While it has increasingly become a familiar story, news of yet another valued non-profit losing its funding still packs a surprising wallop.
The Family Counseling Service, which was founded in 1900 by then Lexington Mayor H.T. Duncan to "investigate and aid distressed children and families in the community," may have to close its doors because the agency has no money.
That means some 30 to 40 people seen each week will have to find another resource for the clinical and therapeutic services they have been receiving on a sliding-fee scale.
The agency lost about $30,000 it was expecting from the United Way of the Bluegrass, and it didn't receive funding it had applied for from the Urban County Government, said Mendy Daniels, executive director of FCS.
"We are not able to survive that," she said. "We were running on bare bones as it was. The board said anything short of a miracle, we will have to close our doors."
Daniels has written a lot of grant applications, but even if the agency receives them, it won't be until this fall, "which will be too late," she said.
The best estimate is the agency has about two months to come up with the money, very inexpensive office space, or both.
"If we got both, we would be in good shape," Daniels said. "We could make it another year."
A year is a long time in the life of a man, woman or child who is in need of sessions on parenting, anger management, adolescent behavior problems, substance dependency, abuse, stress, depression or marriage counseling.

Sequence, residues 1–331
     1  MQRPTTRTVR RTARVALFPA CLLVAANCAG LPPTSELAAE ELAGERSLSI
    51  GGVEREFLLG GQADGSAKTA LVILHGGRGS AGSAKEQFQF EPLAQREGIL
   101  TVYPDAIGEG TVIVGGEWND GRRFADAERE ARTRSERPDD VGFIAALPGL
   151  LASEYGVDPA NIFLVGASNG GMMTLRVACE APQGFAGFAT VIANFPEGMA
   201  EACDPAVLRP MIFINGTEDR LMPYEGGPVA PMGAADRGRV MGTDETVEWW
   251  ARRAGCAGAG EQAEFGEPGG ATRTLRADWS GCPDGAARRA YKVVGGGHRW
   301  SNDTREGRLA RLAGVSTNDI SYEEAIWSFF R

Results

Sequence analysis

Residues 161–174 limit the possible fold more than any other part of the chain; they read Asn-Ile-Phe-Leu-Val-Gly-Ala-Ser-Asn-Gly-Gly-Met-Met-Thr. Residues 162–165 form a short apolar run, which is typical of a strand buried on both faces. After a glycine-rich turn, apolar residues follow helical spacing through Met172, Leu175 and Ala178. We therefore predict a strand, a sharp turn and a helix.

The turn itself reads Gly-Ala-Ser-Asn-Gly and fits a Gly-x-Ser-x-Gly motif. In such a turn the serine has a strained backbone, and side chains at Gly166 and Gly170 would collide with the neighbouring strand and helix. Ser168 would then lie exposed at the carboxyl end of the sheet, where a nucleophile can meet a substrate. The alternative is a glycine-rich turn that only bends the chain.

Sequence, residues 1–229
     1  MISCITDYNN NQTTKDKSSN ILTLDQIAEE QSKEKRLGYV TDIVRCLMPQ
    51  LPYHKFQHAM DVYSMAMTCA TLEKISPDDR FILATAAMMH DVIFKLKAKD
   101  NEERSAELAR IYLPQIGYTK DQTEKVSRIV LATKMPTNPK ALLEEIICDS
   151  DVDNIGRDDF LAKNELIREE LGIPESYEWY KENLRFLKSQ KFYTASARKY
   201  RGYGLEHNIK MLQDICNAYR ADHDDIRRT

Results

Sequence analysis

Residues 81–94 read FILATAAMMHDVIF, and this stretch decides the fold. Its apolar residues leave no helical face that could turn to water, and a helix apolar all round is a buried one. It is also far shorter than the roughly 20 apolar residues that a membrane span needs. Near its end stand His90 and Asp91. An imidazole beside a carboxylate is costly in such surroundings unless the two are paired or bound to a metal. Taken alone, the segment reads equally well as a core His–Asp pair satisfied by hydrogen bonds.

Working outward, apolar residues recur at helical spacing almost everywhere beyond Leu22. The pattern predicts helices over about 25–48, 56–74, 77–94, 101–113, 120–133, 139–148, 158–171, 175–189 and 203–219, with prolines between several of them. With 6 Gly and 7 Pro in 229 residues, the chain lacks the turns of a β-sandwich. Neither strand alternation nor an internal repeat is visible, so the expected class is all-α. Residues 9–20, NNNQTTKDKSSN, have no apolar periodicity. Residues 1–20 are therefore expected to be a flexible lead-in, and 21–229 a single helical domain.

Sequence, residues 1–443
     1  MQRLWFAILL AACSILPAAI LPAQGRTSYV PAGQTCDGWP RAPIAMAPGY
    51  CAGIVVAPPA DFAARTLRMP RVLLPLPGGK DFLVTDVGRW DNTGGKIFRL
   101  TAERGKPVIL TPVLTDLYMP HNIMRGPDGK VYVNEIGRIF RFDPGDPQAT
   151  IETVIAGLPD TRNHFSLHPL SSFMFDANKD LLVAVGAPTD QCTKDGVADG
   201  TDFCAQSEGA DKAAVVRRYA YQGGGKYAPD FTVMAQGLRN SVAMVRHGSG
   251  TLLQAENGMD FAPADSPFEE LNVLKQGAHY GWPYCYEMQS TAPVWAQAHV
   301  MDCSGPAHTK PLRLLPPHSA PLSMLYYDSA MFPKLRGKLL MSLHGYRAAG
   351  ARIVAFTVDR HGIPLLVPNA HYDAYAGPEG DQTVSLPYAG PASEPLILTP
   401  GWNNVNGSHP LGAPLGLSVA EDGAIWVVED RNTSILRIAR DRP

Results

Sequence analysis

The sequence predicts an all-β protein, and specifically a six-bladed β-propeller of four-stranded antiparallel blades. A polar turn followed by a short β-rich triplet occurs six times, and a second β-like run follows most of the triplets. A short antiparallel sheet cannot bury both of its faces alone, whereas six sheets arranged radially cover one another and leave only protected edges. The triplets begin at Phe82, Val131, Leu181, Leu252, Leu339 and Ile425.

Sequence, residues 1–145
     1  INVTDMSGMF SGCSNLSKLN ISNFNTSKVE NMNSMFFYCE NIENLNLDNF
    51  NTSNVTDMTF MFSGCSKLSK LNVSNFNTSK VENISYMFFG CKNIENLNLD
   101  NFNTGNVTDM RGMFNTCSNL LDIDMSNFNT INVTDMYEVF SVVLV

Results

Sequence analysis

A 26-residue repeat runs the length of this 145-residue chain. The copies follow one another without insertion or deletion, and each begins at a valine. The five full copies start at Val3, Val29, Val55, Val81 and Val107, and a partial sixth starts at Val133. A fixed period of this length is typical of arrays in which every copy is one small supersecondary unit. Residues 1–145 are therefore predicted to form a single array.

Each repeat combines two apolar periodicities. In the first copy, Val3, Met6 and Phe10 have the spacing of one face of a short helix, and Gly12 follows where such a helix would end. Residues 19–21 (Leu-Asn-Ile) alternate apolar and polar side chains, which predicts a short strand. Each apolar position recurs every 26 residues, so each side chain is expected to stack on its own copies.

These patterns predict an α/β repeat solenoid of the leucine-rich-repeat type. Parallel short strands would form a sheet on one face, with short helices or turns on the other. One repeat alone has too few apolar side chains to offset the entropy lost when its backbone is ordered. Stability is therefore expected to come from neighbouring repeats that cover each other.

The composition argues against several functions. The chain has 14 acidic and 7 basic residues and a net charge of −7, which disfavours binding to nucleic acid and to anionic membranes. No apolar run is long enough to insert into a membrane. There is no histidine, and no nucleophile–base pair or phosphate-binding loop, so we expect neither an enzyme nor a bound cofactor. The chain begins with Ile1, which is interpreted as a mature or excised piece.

FCS is an outpatient mental health agency dedicated to providing affordable counseling and guidance to help people cope with the problems of life and improve the quality of their relationships.
And, because the clients can't afford to pay going prices for those services, the reduced fees can't keep the agency afloat.
"The people we are serving can't help us survive," Daniels said.
If FCS closes, the clients face a possible wait of two to three months to be seen elsewhere.
So how did the agency get into such a fix? David Cole, president of the FCS board, said it was a deadly combination of decisions made about five years ago coupled with an economy that has not fully recovered.
"We need to get the word out," he said. "This is a life safety net."
Cole said he worked in the community mental health system for 27 years before starting his own business. He still has compassion for people who seek help and for agencies that can affordably provide it.
"Our main goal is caring for the clients," Cole said. Even if the doors close, the agency still wants to find a way for its clients to continue receiving good, empathetic care.
FCS could partner with a private organization, he said. "We don't want to drag anyone down," he said. "We just want a way to get back on our feet and continue to serve the clients we serve."
FCS also serves as a "vast training ground," Cole said, for university students at the graduate level. As supervised interns, they receive the experience needed to go along with the theory they've been taught.
"We are one of the few places left to do practicums and to learn how to do therapy," Daniels said.
All of that will be plowed under if the agency doesn't find help soon. FCS is willing to consider anything "that will keep us open and we can protect the safety and dignity of our clients, because they deserve it," Cole said.